There is now strong evidence that people with certain blood types can have a higher or lower risk of some diseases.
WHAT CAN YOUR BLOOD TYPE SAY ABOUT YOUR HEALTH?
Type AB, A, and B
According to research from the Harvard School of Public Health, people with blood type O are less at risk for heart disease.
At Risk: Type AB
A recent study found people with type AB blood were 82 percent more likely to experience difficulties with memory recall, language, and attention than people with other types.
At Risk: Type O
Multiple studies have found a correlation between a woman’s blood type and the reproductive system. One study by researchers at Yale University and New York’s Albert Einstein College of Medicine found that women with blood type O are twice as likely to have a lower egg count and poorer egg quality than others.
At Risk: Type AB
In a recent study conducted in Denmark, researchers found that people with type AB had a 4 percent higher risk of DVT (deep vein thrombosis) than people with type O.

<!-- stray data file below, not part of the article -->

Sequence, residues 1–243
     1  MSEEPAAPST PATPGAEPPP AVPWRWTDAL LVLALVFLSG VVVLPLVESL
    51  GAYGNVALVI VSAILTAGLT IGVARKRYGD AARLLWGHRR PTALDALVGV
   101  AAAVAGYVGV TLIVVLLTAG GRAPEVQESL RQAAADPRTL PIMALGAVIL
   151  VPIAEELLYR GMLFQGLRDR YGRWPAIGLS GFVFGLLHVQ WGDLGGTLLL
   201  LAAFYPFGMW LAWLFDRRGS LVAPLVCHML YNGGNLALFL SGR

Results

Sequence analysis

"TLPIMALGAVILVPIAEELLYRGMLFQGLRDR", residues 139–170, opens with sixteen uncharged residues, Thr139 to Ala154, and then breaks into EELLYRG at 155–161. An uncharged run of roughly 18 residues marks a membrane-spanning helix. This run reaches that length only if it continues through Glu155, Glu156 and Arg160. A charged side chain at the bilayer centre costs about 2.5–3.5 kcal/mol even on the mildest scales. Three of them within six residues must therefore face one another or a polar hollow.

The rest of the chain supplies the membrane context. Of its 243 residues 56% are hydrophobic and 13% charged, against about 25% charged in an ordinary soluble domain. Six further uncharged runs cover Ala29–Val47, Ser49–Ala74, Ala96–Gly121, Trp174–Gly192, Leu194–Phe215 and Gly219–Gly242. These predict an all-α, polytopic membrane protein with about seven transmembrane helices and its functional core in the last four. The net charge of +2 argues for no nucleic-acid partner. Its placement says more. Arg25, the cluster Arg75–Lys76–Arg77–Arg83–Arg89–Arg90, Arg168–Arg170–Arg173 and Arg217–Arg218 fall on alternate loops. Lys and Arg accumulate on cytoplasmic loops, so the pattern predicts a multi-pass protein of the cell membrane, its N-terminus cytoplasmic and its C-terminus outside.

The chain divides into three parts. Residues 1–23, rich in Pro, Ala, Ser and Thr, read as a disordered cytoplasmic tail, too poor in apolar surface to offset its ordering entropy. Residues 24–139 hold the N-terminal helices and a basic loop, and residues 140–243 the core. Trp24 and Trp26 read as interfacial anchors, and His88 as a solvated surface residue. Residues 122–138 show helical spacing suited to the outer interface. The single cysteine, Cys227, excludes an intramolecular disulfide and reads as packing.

At Risk: Type A
Several studies have found that that people with blood type A have a higher risk of gastric cancer, says investigator Gustaf Edgren, M.D., Ph.D., associate professor of epidemiology at the Karolinska Institute in Sweden.
At Risk: Type A and O
Your blood type antigens determine how much of the stress hormone cortisol is released. People with blood type A naturally release higher levels of cortisol and also produce more in response to stressful situations than other blood types.
People with blood type O may produce less cortisol than type A, but they are prone to overproducing adrenaline during times of stress, creating a “fight or flight” reaction. This makes it more difficult for type O’s to clear the cortisol from their system.